The figure below shows how the major components of a custom parser are assembled using Mitopia’s parser abstraction. The majority of the work is done within the custom parser creation routine, which is responsible for loading and creating both the lexical analyzer and parser databases, making the parser itself (using PS_MakeDB), and then registering any custom ‘plugin’ functions required for the application involved. The result is a fully configured parser database which can then be used by PS_Parse() to parse input compatible with the language defined. The parser ‘handle’ created during this process can optionally be registered (using PS_RegisterParser) so that future invocations can avoid repeating these steps and simply clone the registered parser (using PS_CloneDB).
|Components of a Custom Parser|
Mitopia’s Extended BNF Format
Before we proceed, we need to introduce the basics of language grammar definition. Mitopia® does this using its own extended BNF format. For a background in standard BNF, refer to a compiler theory book such as “Compilers: Principles, Techniques and Tools” by Alfred V. Aho, Ravi Sethi, and Jeffrey D. Ullman (ISBN 0-201-10088-6). Also known as “The Dragon Book”.
The ‘bnf’ parameter passed to PS_MakeDB() contains a series of lines that specify the BNF for the grammar in the form:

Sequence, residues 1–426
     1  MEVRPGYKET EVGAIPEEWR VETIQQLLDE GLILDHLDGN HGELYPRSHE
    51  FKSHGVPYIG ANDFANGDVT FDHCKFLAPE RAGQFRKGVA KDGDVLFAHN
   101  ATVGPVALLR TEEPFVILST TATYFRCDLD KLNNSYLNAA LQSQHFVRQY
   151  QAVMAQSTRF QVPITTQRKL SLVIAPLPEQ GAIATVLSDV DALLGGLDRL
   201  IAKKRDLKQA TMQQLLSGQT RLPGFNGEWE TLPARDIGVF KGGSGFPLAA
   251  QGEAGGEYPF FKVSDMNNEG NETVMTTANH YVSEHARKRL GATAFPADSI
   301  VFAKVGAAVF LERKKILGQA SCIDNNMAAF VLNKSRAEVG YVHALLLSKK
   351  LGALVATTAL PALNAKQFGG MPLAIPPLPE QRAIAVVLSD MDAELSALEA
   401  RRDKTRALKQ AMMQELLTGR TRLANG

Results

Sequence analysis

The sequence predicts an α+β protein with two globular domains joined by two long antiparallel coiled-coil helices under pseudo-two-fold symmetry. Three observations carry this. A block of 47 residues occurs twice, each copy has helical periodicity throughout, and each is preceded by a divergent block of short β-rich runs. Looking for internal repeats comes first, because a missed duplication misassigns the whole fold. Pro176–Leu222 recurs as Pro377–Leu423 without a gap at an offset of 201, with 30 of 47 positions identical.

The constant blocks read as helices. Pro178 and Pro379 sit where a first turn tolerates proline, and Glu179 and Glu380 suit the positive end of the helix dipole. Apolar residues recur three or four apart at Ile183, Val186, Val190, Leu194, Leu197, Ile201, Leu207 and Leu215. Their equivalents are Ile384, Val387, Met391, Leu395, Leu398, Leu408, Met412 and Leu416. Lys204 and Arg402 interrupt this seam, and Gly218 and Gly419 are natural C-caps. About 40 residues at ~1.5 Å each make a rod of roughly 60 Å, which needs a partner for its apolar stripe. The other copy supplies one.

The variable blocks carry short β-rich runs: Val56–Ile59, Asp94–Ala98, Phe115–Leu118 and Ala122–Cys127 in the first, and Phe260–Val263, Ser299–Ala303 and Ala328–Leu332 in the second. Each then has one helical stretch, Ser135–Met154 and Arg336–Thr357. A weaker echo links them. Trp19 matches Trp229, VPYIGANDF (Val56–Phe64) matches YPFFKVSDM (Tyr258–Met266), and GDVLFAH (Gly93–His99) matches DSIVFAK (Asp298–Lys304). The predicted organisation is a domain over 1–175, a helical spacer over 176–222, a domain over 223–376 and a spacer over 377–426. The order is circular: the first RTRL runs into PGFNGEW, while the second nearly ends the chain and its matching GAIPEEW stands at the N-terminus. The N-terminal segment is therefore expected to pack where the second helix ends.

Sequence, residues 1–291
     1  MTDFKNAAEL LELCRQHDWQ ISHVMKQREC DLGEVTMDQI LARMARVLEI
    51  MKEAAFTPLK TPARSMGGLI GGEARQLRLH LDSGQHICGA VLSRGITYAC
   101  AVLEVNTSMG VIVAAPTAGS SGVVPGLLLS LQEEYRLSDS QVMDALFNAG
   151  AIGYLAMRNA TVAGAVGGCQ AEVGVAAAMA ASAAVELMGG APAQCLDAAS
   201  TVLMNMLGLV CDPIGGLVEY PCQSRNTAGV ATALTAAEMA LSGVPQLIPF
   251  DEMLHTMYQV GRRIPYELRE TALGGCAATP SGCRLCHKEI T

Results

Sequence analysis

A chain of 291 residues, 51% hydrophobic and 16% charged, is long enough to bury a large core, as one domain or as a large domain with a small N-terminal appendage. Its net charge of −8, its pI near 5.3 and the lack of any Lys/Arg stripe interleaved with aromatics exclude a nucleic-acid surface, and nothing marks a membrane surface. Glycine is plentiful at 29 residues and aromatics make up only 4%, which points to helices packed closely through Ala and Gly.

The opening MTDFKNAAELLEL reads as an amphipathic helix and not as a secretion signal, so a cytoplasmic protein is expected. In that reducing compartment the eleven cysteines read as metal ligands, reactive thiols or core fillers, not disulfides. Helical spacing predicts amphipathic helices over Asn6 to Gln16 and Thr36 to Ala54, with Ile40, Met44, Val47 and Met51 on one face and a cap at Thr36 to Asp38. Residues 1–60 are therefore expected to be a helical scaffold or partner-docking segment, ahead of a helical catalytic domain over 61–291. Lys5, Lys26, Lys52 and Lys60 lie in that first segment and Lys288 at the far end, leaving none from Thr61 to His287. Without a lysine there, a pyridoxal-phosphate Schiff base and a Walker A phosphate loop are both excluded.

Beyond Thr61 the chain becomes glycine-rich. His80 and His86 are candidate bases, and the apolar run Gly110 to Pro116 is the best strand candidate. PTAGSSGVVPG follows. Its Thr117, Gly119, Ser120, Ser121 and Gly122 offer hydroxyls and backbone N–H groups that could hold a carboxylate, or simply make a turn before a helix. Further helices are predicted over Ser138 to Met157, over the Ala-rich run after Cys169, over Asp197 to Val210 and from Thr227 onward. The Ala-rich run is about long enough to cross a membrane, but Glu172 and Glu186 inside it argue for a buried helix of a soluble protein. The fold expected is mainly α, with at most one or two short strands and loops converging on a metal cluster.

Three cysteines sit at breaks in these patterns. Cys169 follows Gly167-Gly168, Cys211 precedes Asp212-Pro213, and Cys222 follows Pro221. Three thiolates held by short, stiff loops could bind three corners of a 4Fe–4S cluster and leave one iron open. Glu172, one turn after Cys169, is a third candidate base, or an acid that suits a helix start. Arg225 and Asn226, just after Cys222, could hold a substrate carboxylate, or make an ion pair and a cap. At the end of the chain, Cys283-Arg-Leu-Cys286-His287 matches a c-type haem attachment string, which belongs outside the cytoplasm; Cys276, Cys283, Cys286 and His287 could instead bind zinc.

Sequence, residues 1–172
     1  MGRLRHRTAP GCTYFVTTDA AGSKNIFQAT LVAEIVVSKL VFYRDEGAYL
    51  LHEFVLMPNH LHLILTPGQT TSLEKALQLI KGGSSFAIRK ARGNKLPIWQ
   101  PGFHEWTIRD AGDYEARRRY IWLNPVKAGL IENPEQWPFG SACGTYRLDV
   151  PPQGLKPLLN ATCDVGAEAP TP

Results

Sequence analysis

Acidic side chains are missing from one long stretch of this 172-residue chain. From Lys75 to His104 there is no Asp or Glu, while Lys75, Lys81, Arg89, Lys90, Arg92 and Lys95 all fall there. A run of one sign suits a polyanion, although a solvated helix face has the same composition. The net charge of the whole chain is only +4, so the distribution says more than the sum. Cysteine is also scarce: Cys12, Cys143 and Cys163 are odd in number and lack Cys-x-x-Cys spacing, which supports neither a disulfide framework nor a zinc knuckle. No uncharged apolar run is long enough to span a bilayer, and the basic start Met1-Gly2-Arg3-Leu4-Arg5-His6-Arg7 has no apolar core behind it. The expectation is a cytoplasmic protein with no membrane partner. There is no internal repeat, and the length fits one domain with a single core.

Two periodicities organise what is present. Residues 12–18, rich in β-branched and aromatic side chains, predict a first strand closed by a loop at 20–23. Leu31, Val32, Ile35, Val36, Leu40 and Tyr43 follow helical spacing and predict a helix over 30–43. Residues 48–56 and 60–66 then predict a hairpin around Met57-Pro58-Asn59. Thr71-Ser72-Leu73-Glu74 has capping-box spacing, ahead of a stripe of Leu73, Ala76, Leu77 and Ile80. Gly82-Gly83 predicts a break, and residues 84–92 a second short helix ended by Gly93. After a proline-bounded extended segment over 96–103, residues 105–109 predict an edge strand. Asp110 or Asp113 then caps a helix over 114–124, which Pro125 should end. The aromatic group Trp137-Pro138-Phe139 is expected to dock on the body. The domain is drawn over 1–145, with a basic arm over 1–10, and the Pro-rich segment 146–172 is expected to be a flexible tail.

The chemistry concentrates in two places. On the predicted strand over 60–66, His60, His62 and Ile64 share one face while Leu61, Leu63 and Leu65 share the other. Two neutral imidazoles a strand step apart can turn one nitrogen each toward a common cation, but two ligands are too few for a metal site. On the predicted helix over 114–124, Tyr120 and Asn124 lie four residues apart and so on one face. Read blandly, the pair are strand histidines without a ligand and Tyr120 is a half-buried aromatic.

non_terminal ::= production_1 production_2 …
production_1 ::= …
Where production_1 and production_2 are themselves defined using any sequence of ‘terminal’ symbols (described in lexical analyzer passed in to PS_MakeDB()), non-terminal grammar symbols (alphanumeric strings including ‘_’ appearing in the BNF but otherwise un-defined – for example production_1), and specialized meta-symbols that are part of Mitopia’s extended BNF (EBNF) language itself. Productions may continue onto the next line if required, but any time a non-white character is encountered in the first column position of the line, it is assumed to start the definition of a new production. The table below lists the set of meta-symbols that are recognized as part of Mitopia’s EBNF specification language itself. You will note that within Mitopia’s EBNF, the normal BNF convention of enclosing non-terminal production names within ‘<‘ and ‘>’ delimiters is reversed such that reserved meta-symbols of the EBNF tend to be between these delimiters. There are a number of reasons for this reversal from the standard form. Note however, that this does not preclude using language defined symbols (e.g., XML tags such as <Person>) directly within the BNF since they are highly unlikely to conflict with the EBNF meta-symbol formats.
|Reserved Meta-Symbols Used in Mitopia’s Extended BNF|
Future posts will elaborate on these basic concepts to describe the various abstractions that are layered on the parser abstraction.